Thursday, April 26, 2012

Single Reviews 29/04/12

Welcome to this week’s Single Reviews, in which we find out which genre a one-man band is tackling this week, discover the reality TV ‘sad music’ of the future, slip in a negative remark about Rihanna, and try to review Tulisa without mentioning her sex tape. Although this probably counts as a reference itself, doesn’t it? Oh well, we blew that one. BA-BOOM-TISH! Thank you, we’re here all week.

The debut solo single from First Lady of N-Dubz and Tiresome X Factor Misha-Baiter, the aforementioned Tulisa, is first on the chopping block this week. Young is a ‘hey-aren’t-we-crayzee’ Ibiza cliché-fest, all predictable keyboard stabs and constructed abandon. For all N-Dubz’ failings, at least they had a modicum of originality in their output. Were it not for the desperate attempts to amplify Tulisa’s profile, this would be eternally forgotten on the lamest of compilation house CDs.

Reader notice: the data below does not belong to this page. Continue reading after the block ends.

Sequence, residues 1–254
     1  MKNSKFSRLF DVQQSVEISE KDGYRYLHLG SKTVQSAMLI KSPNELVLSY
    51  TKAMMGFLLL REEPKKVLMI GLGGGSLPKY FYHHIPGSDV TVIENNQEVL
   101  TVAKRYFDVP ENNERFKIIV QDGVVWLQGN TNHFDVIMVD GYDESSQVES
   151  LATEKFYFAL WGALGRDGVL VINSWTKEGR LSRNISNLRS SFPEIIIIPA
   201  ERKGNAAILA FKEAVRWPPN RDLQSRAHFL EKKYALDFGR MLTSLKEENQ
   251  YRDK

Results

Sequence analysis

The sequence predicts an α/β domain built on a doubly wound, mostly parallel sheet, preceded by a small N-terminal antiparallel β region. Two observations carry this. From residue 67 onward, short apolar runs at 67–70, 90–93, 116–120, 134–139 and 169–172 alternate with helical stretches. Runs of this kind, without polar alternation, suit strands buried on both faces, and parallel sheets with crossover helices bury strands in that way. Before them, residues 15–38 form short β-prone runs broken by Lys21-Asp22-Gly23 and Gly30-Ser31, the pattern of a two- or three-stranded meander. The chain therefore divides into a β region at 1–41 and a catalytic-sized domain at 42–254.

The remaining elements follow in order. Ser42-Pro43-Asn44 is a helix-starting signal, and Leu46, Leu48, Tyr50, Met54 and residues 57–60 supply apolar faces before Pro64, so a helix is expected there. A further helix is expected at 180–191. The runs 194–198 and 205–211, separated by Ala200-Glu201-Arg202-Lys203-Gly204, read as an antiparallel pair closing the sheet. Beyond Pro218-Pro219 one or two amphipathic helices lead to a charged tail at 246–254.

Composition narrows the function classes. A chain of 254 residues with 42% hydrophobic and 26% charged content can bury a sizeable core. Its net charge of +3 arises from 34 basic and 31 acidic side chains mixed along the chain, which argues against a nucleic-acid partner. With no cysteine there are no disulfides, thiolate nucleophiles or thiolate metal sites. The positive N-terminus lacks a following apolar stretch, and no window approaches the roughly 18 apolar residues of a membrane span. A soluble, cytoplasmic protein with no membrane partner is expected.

Single of the Week is given to Get Cape.Wear Cape. Fly, with a strikingly different offering in the form of Daylight Robbery. Admittedly, Sam Duckworth has become one of the most unpredictable artists of recent years, switching from shoegazing indie to atonal drum ‘n’ bass without any warning. Daylight Robbery boasts an immediacy nothing in Duckworth’s catalogue can lay claim to, armed with an exhilarating pop hook that could well make the track his new calling card.

Snow Patrol unveil perhaps their most introverted, mellow single thus far, the modest but highly effective New York. The unassuming verses are made all the more effective when the final chorus swells into a refined crescendo, while Gary Lightbody’s voice presents a real poignancy throughout. Anyone desperate for another Run could do a lot worse than give New York a few repeated spins, but such comparisons would detract from what’s actually a significantly more mature offering.

And finally, proving that a certain dead-eyed, atonal cumsponge is by no means the best Barbados has to offer (whoever could we mean?), Cover Drive follow up their Ashley Tabor-instigated Number One with Sparks, a hard-edged demi-ballad with a sweet, enchanting melody. The juxtaposition of male and female vocals is an effective one, plus there’s a real craft evident in what Cover Drive do. Plus, they’re mentored by Eddy Grant, which = ace.

No comments:

Creative Commons Licence
The Sloppy Dog by is licensed under a Creative Commons Attribution-NoDerivs 3.0 Unported License.